By Gloria Clemente
The van that we drive can fit up to eight people, but nine of us squeeze inside the car. That’s Big Eva and Ma in the front. Then Little Eva, my five sisters, and me. The adults are laughing in this gigantic way that has me and the girls all excited. The radio is playing a song that Big Eva just loves. She’s the type of woman who can sing “Turn the Beat Around” just like Gloria Estefan.
The woman who does choir at St. Paul’s always gives Big and Little Eva the best parts. Personally, I think I have a good voice, too. But when I try to reach the high notes, it’s like climbing too many stairs and then feeling your knees give out.
“That’s because you are an alto,” Little Eva says, because she thinks being a soprano is the best thing in the world.
But I can reach some low notes she won’t ever be able to touch.
Ma and Big Eva do almost everything together. They cook, and they watch novelas, and they go to the Caldor’s on Sunday, and on the weekends during lunch they talk about the woman who lives next door and doesn’t take care of her kids: “Letting the thirteen-year-old walk out the house like that.” They throw joint birthday parties for us, take turns babysitting, and in 1993 they both got dressed up and went to my elementary school to vote for Clinton. They speak Spanish very, very fast, and they both drive ugly yellow cars. (Though, personally, I believe Big Eva’s car is uglier than ours.)
We’re heading down the street singing, and I’m pulling my little sister’s hair, till she starts yelling, “Ma, tell Vicky to stop.”
And I try not to laugh when Ma turns around with both hands still on the steering wheel and says, “Touch her hair again, and I’ll beat the living shit out of you.”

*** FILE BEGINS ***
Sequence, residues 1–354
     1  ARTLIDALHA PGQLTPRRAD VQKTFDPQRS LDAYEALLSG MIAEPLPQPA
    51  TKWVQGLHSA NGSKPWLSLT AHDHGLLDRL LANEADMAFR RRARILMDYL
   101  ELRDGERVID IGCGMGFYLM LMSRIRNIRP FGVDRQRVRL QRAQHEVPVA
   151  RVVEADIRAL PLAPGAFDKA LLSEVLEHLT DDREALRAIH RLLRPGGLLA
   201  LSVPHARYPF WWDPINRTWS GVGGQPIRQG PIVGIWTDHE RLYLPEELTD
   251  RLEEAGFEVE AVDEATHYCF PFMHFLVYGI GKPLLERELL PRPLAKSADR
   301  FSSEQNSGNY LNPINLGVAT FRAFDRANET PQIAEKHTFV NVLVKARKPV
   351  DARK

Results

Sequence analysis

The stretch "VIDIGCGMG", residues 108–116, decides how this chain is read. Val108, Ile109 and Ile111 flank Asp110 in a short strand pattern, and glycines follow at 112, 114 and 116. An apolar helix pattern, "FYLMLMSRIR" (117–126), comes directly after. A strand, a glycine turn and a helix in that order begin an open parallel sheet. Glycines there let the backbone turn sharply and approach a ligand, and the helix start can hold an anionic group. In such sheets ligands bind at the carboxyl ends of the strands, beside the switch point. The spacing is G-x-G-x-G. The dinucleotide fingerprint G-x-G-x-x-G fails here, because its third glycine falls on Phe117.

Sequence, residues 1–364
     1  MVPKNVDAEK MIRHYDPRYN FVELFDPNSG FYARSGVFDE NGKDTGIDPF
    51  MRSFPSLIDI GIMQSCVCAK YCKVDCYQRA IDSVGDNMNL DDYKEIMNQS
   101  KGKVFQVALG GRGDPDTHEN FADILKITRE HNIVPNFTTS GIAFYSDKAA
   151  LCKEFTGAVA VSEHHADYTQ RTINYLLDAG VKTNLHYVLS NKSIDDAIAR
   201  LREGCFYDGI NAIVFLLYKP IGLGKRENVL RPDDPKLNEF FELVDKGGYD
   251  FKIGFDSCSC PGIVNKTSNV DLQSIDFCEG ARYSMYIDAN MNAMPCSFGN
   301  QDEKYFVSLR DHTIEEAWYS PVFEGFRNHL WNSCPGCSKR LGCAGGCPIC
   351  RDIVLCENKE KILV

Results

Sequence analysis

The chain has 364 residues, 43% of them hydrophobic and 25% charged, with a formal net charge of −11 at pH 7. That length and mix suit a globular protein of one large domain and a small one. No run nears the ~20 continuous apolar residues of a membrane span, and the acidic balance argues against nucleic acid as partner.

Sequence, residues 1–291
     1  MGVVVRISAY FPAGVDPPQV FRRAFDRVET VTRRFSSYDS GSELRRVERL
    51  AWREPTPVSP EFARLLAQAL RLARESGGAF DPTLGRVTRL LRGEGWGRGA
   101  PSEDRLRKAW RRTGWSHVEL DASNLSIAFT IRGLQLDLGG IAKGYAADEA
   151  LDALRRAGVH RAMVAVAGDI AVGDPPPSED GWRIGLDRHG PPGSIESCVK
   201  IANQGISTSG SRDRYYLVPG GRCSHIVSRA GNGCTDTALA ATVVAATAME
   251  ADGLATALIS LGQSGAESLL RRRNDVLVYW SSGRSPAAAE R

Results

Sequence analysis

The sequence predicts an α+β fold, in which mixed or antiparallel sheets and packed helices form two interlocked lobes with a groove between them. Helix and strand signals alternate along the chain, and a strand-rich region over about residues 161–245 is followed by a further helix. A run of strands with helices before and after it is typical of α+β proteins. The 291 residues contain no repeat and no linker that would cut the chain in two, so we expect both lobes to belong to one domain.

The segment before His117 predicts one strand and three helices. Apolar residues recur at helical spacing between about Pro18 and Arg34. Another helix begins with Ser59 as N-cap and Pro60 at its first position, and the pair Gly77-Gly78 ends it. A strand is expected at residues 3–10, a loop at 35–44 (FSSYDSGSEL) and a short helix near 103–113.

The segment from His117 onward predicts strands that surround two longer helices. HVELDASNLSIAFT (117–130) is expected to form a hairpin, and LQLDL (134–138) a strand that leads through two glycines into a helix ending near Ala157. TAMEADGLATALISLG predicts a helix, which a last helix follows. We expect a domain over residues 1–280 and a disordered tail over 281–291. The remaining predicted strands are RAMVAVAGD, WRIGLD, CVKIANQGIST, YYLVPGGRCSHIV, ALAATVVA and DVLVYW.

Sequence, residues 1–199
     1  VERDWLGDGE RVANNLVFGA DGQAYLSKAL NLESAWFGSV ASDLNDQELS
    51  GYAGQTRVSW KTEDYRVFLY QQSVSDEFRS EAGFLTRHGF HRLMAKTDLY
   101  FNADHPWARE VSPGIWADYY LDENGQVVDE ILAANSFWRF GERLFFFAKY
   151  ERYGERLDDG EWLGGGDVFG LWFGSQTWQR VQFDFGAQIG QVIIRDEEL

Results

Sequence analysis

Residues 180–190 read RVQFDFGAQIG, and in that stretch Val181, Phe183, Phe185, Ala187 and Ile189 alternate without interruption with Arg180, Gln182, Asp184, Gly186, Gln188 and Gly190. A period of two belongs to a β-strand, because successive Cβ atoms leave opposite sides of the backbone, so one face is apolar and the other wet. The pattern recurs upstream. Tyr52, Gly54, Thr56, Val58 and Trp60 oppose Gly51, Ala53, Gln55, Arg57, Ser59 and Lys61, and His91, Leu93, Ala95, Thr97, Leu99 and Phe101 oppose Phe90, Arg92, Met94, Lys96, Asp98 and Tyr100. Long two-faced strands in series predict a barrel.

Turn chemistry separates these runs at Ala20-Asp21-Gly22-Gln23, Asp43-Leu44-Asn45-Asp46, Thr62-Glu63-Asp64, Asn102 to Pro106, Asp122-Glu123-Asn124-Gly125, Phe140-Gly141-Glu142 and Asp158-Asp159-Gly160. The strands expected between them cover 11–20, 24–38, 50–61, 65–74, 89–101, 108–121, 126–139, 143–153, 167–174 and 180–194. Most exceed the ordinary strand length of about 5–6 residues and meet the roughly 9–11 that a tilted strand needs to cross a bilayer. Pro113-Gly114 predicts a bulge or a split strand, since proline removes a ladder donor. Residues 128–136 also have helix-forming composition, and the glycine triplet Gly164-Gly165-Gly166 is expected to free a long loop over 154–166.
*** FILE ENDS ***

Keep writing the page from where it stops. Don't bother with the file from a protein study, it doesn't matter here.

“Big baby,” I whisper to the back of my sister’s head, which is curly and matted. I look outside the window, at some tall grass pushing against the chain linked fence of a closed off lot.
“Sigue,” Ma says. “Wait till we get back to the house.”
Little Eva laughs because she enjoys when I get in trouble. We’re always fighting because we’re both the oldest and a little bit bossy. But she’s older than me, and weighs about forty pounds more than I do. In the past, she’s used those extra pounds to knock me down during fights, and once she tackled me and punched me hard in the leg five times, in the basement where we used to dress up and push a VHS of Madonna music videos into the VCR and dance.
I hated her for that.
I wanted to peel her droopy cheeks away from her chin, but instead I resorted to sneakier methods – such as slapping Little Eva in the back of the head when she least expected it, then running away, fast, as she yelled, “You freaking punk.”
Once, I can no longer pull my sister’s hair, the car ride quickly becomes boring. I look out the window and dream about the constellation of lives denied to me. It is true, maybe, that secretly I was adopted and that really I’m from Australia or Japan. And maybe if I stare at the jeep in front of us long enough, I’ll be able to lift it with my eyes, then make it land on Little Eva. Or maybe if Big Eva gets out the car, and if I ask Ma alone, so that I don’t “embarrass her in front of other people,” or act like I’m “starving,” just maybe she will buy us ice cream for dinner tonight.